1986, Music

Please (1986) by Pet Shop Boys

As I have said many, many times, I don’t like synthpop. And one thing I can say about the Pet Shop Boys is that they love synthpop. They lean into it perhaps more than any other synthpop band that came along later in the history of the genre. (I am speaking from ignorance here so maybe it’s not quite that extreme.) And so I find it quite a chore to listen to them.

I will say that the big differentiating factor between them and many other groups is that they can write songs. At their catchiest, I’m not sure too many other synthpop artists can compete. Not everything is as catchy as “West End Girls” of course but a lot of it is.

Much has been made of Tennant’s lyrics and certainly he is a better lyricist than many synthpop lyricists. But this is a low bar. He really clears it, but I’m never sure how many of these songs would succeed in a different context. (Some of them would, for sure.) At least he has a clear voice. (Though I just learned he didn’t write the first song, which confuses the hell of me because I totally thought it was him.)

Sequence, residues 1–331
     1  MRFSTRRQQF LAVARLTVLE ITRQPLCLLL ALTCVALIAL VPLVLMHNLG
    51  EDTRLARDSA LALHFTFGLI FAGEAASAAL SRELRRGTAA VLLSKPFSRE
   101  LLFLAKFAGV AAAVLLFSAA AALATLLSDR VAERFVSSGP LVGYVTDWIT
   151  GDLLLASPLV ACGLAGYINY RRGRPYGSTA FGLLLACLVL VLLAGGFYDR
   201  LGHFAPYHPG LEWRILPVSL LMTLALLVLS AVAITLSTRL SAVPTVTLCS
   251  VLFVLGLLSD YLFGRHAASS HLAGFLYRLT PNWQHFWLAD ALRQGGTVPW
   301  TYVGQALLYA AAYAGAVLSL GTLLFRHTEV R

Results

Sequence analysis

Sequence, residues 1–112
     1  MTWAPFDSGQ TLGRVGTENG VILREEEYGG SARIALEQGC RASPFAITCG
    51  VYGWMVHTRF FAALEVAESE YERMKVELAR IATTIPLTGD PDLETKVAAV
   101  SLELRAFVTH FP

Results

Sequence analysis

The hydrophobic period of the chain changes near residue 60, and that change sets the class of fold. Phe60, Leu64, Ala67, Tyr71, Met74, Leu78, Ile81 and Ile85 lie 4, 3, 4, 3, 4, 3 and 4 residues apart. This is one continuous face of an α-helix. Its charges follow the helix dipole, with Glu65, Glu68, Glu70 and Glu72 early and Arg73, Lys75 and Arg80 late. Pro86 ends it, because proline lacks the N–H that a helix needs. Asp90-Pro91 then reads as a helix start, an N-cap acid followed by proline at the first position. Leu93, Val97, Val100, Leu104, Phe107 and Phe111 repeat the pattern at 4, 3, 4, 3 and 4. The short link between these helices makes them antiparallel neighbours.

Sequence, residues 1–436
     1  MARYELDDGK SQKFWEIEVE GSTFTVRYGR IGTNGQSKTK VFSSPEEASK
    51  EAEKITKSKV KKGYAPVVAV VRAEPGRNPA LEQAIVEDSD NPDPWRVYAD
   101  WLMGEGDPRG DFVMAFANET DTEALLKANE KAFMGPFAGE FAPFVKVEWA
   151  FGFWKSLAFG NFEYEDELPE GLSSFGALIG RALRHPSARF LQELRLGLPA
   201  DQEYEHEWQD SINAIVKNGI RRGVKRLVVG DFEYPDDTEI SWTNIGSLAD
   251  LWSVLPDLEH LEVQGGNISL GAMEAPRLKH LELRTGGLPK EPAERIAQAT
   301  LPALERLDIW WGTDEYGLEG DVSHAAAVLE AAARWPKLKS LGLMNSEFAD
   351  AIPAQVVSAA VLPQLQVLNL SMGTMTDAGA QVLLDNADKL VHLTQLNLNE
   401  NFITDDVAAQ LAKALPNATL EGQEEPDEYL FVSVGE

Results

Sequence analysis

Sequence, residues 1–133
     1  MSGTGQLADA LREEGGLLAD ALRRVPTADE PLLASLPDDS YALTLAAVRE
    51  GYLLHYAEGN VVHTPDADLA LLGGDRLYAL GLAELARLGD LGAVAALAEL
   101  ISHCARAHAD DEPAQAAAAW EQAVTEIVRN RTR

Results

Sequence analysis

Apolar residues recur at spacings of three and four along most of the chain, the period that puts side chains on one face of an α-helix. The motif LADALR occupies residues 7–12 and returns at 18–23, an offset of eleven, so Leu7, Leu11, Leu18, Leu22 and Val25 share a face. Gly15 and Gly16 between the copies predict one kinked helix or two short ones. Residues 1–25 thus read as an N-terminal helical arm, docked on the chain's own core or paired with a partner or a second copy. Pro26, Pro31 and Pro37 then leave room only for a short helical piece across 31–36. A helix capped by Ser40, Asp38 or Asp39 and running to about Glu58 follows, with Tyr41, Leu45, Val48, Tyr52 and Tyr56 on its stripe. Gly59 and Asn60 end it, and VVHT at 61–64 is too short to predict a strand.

The hang up for me is the aesthetic: even though these guys do deploy the odd instrument that is not a synthesizer (guitar, saxophone) you rarely notice. This is “electronic” music save Tennant’s voice and it is oh so 1986. (Can anything get more ’80s than Tennant’s super white semi rap on the verses of “West End Girls”?)

My biggest problem is I cannot separate the songs or Tennant’s voice from the instruments and production. When I can do this in synthpop – or where I honest-to-goodness like the arrangement, like with some Eurythmics songs or Thompson Twins songs – then I can get over my aversion to music made this way. But I cannot get there with this band. I’m not sure if it’s just because how much they lean into contemporary music technology or if it’s something else.

But I can’t get there. (Also, I get that these are catchy songs. But it’s 1986. Synthpop has existed for a minimum of 5 years at this point. They’re not reinventing the wheel here.)


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